Local conservationists push back

The Upper Lynn Canal Fish and Game Advisory Committee questioned Bureau of Land Management staff about why the federal agency isn’t restricting helicopter activity in areas experiencing mountain goat population decline.

In November 2020 the group asked BLM to restrict heliskiing in the Takhinsha Mountains and Kicking Horse region, after Alaska Department of Fish and Game aerial surveys indicated a 54% and 40% reduction in the respective regions’ population.

The advisory committee invited BLM field office manager Marnie Graham and biologist LeAnn McMurphy to discuss BLM’s adaptive management plan for permitting heliskiing. Helicopters can negatively impact mountain goat survivability if they fly too close to the animals, and most regulating agencies require a buffer between helicopters and wild game.

According to the BLM plan, mountain goat population declines over time would trigger permitting changes. Those standards apply to the year 2020 and beyond, when BLM updated its management and after Fish and Game’s survey was conducted.

Graham also questioned whether the Fish and Game surveys are evidence of a decline because they lack a baseline estimate to work from. She cited increases in mountain goat populations between 2011 and 2015.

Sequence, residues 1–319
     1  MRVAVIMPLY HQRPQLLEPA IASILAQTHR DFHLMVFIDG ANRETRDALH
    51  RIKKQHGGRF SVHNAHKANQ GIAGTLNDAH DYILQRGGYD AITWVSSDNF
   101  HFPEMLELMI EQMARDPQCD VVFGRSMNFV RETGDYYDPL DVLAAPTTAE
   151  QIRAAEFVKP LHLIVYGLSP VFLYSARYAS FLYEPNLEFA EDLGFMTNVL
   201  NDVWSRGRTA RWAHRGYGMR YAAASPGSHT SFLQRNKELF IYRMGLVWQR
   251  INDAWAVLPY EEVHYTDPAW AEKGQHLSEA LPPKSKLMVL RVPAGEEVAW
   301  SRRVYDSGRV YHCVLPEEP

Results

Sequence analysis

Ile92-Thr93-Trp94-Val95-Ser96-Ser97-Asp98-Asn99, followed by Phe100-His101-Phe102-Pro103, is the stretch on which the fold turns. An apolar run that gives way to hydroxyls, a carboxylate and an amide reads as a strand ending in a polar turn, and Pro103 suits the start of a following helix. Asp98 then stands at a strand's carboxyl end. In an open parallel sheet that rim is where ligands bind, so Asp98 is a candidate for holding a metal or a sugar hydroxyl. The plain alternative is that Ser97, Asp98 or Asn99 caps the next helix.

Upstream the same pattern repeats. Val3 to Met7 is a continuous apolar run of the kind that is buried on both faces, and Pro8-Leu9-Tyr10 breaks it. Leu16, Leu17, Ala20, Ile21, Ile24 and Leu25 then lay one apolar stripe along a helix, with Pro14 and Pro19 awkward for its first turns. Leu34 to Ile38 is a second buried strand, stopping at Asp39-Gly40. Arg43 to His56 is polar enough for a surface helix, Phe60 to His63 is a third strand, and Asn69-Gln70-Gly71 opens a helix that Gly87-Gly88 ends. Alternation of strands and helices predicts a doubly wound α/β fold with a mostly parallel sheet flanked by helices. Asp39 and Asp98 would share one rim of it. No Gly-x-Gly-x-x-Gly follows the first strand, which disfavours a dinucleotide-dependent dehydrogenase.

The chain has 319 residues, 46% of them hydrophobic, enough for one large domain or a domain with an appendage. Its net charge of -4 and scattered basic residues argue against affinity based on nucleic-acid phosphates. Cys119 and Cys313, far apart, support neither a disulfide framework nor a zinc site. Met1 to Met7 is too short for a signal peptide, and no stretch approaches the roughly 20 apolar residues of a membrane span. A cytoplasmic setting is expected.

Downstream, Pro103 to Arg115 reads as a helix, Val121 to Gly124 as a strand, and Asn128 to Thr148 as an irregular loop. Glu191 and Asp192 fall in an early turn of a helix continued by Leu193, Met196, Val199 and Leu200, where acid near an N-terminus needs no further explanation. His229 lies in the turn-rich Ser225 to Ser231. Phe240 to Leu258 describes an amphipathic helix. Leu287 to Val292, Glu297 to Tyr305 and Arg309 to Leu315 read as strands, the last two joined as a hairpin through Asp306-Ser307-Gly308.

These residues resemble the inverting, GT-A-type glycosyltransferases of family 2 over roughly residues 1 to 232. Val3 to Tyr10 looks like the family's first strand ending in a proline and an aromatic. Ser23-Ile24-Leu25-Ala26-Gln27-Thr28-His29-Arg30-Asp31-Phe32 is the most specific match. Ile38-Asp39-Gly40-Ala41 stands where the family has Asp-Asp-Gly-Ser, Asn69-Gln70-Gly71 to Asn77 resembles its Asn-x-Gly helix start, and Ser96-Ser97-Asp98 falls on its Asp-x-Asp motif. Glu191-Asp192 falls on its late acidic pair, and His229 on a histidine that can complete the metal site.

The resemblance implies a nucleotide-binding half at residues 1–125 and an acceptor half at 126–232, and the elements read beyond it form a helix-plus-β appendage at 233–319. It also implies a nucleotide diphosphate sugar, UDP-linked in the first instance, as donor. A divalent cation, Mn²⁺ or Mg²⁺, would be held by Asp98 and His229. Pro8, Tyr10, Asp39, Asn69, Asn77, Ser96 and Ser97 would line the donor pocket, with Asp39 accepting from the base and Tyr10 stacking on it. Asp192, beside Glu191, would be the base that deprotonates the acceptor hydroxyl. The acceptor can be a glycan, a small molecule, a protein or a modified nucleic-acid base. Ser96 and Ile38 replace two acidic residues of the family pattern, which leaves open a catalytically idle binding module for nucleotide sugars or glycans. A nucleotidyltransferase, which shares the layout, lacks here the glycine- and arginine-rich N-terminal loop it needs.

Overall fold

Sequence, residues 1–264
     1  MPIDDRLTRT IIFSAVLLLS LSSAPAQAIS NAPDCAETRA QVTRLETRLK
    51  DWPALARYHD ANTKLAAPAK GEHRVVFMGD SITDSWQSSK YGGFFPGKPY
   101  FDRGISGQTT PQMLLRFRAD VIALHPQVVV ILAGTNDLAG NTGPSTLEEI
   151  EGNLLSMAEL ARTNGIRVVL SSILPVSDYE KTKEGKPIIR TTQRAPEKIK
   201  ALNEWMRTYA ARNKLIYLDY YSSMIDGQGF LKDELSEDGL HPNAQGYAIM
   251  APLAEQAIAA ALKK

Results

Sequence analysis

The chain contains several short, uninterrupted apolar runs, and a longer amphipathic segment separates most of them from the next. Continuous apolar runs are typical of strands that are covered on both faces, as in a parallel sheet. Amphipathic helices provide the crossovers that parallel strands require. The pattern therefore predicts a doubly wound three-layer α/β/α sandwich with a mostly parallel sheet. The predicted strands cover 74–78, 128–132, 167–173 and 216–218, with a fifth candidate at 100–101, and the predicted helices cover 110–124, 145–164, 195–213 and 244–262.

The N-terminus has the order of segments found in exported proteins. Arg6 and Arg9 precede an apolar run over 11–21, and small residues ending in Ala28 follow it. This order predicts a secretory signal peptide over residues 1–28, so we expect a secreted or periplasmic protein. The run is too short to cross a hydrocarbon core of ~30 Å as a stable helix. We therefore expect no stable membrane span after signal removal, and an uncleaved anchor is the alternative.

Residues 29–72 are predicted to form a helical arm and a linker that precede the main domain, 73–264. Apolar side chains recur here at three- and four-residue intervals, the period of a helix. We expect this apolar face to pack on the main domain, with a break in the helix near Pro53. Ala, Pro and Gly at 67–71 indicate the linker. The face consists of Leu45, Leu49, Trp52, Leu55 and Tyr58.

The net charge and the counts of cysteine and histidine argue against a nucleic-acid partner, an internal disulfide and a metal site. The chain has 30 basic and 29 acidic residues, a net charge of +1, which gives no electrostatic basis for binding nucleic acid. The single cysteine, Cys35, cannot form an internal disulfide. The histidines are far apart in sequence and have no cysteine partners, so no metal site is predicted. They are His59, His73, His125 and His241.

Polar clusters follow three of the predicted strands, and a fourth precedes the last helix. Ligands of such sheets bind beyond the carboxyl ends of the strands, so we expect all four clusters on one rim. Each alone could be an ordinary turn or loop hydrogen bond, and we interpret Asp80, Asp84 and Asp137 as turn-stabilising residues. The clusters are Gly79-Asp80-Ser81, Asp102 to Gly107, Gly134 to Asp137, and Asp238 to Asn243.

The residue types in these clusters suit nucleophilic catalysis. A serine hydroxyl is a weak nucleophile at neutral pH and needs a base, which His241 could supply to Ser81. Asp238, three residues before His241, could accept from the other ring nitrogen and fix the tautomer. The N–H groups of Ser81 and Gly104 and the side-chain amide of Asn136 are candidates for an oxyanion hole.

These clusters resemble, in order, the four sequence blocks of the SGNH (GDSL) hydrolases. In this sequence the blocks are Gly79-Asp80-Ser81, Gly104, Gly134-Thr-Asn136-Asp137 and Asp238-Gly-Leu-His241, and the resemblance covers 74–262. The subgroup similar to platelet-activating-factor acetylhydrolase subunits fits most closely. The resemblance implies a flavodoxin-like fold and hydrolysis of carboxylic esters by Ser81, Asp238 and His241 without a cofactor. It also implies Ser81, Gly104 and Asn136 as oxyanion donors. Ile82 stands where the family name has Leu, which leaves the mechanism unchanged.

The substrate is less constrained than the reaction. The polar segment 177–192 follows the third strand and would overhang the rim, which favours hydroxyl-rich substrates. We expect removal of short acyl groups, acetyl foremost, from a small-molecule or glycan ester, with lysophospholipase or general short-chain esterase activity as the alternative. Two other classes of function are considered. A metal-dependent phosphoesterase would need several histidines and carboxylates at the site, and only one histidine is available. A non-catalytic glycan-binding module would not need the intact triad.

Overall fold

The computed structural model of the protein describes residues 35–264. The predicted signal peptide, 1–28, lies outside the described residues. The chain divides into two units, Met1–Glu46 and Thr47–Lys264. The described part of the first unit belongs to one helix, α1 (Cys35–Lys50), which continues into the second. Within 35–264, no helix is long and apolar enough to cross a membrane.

“There was an increase again right after that. Without that baseline to know where the population desires to be we don’t have the answers for all the reasons for increases or declines,” Graham said. “We continue to monitor that. At this point, with these levels, we don’t have any correlations that show our permitting is causing a decline.”

BLM field biologist LeAnne McDonald said BLM is working with Oregon State University to study population changes and trends.

“We’re hoping that by determining these trends that we’ll be able to make better decisions and learn the different population numbers and things like that within the goat populations so we can determine what the actual number for a minimum viable population would be.”

Advisory member and Takshanuk Watershed Council Derek Poinsette called the approach “wrong-headed,” because there’s obvious evidence of a population decline. He questioned why the agency wouldn’t take proactive steps to conserve it.

“I think that’s just a 180-degrees backwards way of going about trying to conserve a population of wildlife,” Poinsette said. “We need to…remove whatever stresses that could be impacting the population, do the additional studies and if in three years we determine we don’t think those helicopters are having an impact we can let them back in there.”

Graham said based on its plan, no helicopters can land on goats’ high-use winter habitat, which is based on Fish and Game models. BLM added a 1,500-meter buffer around such habitat where they are permitting limited landings.